• Pittsburgh, PA: Entertainment Technology Center at Carnegie Mellon University, 700 Technology Drive. Runs Saturday 10am through Sunday 10am (overnight), with an additional Physical Game Jam from Sunday 10am-4pm. If interested, visit their event page to sign up. Pittsburgh organizer: Jia Ji (
  • Albany, NY: Troy Boys and Girls Club, 1700 Seventh Ave, Troy NY. Runs Friday 6pm-11pm, Saturday 10am-11pm, Sunday 10am-4pm. If interested, visit their event website for more info. New York organizer: Ian Stead (
  • Fairfax, VA: George Mason University, Fairfax Campus, Art and Design Building RM 1018. Starts Friday at 5pm. Participants should bring their own computers if possible. Meals will be provided. Fairfax organizers: Joel Gonzalez ( and Scott Martin (
  • Athens, GA: Mowerks Learning, 130 Ware Street, Unit A. Athens organizer: Jordan Lynn (


So get jammin’!

By Amanda Eamich, Director of New Media, USDA

Health Games Challenge Logo

Apps for Healthy Kids “Game Jams” Coming to a City Near You

Cross-posted from the White House OSTP Blog by Robynn Sturm

In unveiling the Childhood Obesity Task Force action plan earlier today, First Lady Michele Obama underscored the need to “marshal every resource” to solve the problem of childhood obesity within a generation. Two new partnerships announced today as part of the Apps for Healthy Kids competition will give Americans across the country a chance to join the First Lady in her Let’s Move! campaign—and to help give kids the healthy lives they deserve.

Today, the U.S. Department of Agriculture announced it would partner with the International Game Developers Association (IGDA) to host game jams on the weekend of May 21-23 in major U.S. cities, including Boston, New York, San Francisco, and Atlanta. The game jams will draw game developers, graphic artists, and local youth together to brainstorm ideas and produce video game prototypes from scratch in just 48 hours. The prototypes will be displayed at the sixth annual Games for Health Conference, further refined, and ultimately submitted to theApps for Healthy Kids competition before that competition’s June 30th deadline. You can find out more about jams near you on the Health Games Challenge website.

Launched by the U.S. Department of Agriculture, the White House Office of the First Lady, and the White House Office of Science and Technology Policy on March 10, 2010, the Apps for Healthy Kids competition challenges software developers, game designers, students, and other innovators to develop innovative, fun, and engaging tools and games that help kids and their parents to eat better and be more physically active.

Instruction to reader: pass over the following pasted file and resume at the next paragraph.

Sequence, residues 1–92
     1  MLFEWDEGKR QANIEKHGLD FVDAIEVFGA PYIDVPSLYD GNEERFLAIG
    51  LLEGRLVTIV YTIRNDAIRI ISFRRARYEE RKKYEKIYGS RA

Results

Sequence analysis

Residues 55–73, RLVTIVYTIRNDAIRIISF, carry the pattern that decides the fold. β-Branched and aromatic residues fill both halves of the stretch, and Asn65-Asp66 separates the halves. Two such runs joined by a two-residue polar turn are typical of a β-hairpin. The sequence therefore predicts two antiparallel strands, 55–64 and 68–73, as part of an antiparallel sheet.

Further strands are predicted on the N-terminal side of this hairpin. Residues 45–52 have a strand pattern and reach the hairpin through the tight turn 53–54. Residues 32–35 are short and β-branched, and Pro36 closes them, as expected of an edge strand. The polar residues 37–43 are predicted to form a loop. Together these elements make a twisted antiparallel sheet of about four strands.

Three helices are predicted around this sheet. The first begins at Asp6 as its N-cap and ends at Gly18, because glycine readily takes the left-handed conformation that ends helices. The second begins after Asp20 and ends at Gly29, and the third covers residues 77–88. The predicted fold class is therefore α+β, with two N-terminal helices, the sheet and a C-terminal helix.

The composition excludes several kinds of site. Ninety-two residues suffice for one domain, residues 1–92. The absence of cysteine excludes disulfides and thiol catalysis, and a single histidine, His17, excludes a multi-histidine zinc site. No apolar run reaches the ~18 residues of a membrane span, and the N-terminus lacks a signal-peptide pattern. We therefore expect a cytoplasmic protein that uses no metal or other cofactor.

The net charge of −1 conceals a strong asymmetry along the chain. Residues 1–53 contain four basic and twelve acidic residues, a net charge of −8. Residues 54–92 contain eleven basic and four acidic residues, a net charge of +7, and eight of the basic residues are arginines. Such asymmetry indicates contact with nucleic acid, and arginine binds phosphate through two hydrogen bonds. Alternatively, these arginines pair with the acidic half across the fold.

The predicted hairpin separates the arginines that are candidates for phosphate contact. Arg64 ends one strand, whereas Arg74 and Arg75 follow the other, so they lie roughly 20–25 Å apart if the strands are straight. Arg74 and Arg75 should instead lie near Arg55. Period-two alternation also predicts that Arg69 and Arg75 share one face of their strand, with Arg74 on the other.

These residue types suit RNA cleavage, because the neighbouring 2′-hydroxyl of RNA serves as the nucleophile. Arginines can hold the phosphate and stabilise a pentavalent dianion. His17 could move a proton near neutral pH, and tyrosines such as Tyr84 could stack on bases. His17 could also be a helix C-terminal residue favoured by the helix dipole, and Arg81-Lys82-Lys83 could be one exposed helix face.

The game jams—which will be scheduled in a number of additional cities soon—will be great opportunities for amateur and experienced game developers to collaborate on competition entries and refine their creations before submitting them. But you don’t need to travel to join in creative collaboration! Developers across the country can now get targeted feedback from the toughest of critics—tweens—anytime and anywhere. Recognizing that kids can’t be beat when it comes to judging whether a game will capture the imagination of their peers, the U.S. Department of Agriculture has partnered with Numedeon, Inc. to create a space within the virtual world where hundreds of thousands of tweens will be able to play, rate, and submit feedback to Apps for Healthy Kids contestants. Developers seeking feedback can post their game prototypes in the Whyville Game Arcade.

By creating opportunities for our nation’s most creative and talented innovators to work together and with our nation’s children, the two new partnerships announced today will maximize the number of high-quality submissions throughout the remaining 60 days of the Apps for Healthy Kids contest.

Robynn Sturm is Advisor for Open Innovation to the Deputy Director of the White House Office of Science and Technology Policy

Games for Healthy Kids, One Step at a Time

Cross posted from the White House, Office of Science and Technology Policy


This week my son Devon showed me the power of digital games to motivate kids to exercise. This is the core idea at the heart of the Apps for Healthy Kids competition launched by First Lady Michelle Obama last week. As OSTP worked closely with the Department of Agriculture in designing the competition, I had talked with many of my colleagues about its promise. But nothing could have crystallized better for me the immense potential of this approach than witnessing the impact on my own son in real time.